RailsBridge began as a narrow effort to bring more women to the San Francisco Ruby community.

Our strategy is to offer workshops where people who are usually in the minority in programming communities are in the majority for the day. Now we’re expanding beyond San Francisco to improve overall diversity in tech, specifically focusing on the open source community!

To date we’ve formed 14 chapters in the U.S. and Canada, and we’ve held workshops around the world including Capetown, South Africa. We work with other organizations that promote diveristy in tech, including the San Francisco group Black Founders and the Mexican women coders organization, Codificadas. We also partner with regional Ruby and Rails conferences to help increase the diversity of the Ruby community all over the world.

From the RailsGirls, co-founder Linda Liukas really places an emphasis on creating the most conducive environment for diversity to thrive.

The first time I ever touched backend languages was in a RailsBridge event, back in 2009. Before that, I had dabbled with HTML/CSS and JavaScript, but RailsBridge made it easy to try out Ruby and Rails for the first time. Because I moved back to Finland and I wanted to continue learning, I started Rails Girls. I think RailsBridge does a phenomenal job in explaining the actual principles behind programming and creating an environment where it was easy to come in as a beginner. I’ve also admired the work they do with high-schoolers.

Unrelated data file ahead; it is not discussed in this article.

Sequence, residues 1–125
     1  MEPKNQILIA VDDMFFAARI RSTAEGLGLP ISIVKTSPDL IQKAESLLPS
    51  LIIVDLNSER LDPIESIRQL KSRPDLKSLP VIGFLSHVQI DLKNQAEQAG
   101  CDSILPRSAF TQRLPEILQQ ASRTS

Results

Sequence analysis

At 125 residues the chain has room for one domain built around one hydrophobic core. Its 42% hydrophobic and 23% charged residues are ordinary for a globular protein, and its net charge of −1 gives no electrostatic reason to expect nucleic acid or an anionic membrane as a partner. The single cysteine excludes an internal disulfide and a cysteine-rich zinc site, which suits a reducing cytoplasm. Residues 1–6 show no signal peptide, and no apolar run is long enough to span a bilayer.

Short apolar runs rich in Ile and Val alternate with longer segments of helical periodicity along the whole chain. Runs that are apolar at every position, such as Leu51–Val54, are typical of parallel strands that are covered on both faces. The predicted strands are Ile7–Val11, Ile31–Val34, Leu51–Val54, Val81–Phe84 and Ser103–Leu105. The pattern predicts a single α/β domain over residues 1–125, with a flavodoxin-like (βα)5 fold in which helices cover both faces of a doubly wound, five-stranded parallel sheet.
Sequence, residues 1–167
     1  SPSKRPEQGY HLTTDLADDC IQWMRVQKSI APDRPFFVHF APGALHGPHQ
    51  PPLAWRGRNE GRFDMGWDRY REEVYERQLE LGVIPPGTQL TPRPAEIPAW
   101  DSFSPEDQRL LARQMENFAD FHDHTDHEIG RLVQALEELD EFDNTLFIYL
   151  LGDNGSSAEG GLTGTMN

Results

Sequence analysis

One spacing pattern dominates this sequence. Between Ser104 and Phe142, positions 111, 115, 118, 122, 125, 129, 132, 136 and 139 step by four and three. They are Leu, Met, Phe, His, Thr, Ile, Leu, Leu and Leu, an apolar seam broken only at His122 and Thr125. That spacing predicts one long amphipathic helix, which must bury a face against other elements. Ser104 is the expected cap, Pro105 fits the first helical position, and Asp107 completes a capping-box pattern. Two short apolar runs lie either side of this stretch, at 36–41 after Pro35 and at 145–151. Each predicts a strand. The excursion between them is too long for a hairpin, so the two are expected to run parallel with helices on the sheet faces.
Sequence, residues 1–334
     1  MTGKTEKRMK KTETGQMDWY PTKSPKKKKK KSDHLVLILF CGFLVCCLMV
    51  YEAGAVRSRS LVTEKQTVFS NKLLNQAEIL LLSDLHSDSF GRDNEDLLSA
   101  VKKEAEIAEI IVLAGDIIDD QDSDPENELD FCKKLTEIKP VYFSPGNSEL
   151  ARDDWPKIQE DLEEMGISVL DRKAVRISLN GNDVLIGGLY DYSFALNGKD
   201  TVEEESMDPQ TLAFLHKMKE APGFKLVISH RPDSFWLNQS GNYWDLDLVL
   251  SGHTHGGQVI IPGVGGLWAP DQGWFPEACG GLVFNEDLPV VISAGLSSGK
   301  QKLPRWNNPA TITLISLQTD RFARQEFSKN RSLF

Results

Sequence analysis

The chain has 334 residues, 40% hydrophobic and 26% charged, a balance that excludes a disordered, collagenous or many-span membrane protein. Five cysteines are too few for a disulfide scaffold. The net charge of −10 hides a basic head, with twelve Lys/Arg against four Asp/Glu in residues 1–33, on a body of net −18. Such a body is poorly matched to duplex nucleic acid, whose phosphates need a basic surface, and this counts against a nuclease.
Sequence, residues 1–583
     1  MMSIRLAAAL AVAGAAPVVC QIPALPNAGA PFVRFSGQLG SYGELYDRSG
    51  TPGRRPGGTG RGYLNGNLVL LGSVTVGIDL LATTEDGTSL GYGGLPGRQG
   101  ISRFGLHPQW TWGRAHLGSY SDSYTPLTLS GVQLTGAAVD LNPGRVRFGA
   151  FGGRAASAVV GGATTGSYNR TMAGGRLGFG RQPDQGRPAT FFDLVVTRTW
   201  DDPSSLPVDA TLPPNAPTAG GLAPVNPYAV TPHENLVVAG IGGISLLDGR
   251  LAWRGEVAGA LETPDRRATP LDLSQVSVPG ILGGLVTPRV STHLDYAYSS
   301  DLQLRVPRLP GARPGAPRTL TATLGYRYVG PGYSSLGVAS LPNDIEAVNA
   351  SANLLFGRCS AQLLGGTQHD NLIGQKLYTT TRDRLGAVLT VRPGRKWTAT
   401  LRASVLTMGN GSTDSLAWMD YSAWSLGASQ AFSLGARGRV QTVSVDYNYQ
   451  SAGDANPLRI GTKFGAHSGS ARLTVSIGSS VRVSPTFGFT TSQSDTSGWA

The InstallFest from reInteractive, based in Australia, have taken a similar approach and encompass all genders to create a kick start for those interested, or begin their paths as programmers.

Great idea! Shows you where to start with Ruby and takes the complexity out of the daunting first step. Great work reInteractive team! – Naveen Danda

I’ll recommend it to anyone wanting to get into programming or ROR. The reInteractive team was so helpful and I’m so glad they’re running this for free!! – Dhyana Scarano

The general sentiments are the same, by providing a comfortable, conducive environment, removing preconceptions and barriers groups like these are infusing diversity into the Ruby community, helping to make it that thriving sustainable ecosystem we all want one student at a time.

Not So Bad is It?

It’s fantastic that the Ruby community has people who care that much about diversity. They don’t just care, they get of their duff and go out and do something about it. I remember after the whole Brit Ruby fiasco, there was a bit of bad feeling and some dropping out the community altogether. It was really sad for so many different reasons.

One of the things I love most about these workshops is, once a student has completed the syllabus, they teach that syllabus to the new faces. What better incentive is there for a potential new dev to work with someone who not that long ago sat in their positions with the same questions and reservations?

The Ruby community is pretty fantastic. Of course, it has it’s downsides, but what family doesn’t have those crazy uncles? In the real world away from Twitter and Hacker News, the people are passionate, inclusive, and willing to enable anyone regardless of gender or nationality. We are almost militant about diversity. We have the tools, the passion, and the people to continue to build a community that benefits all members.

Long may it continue!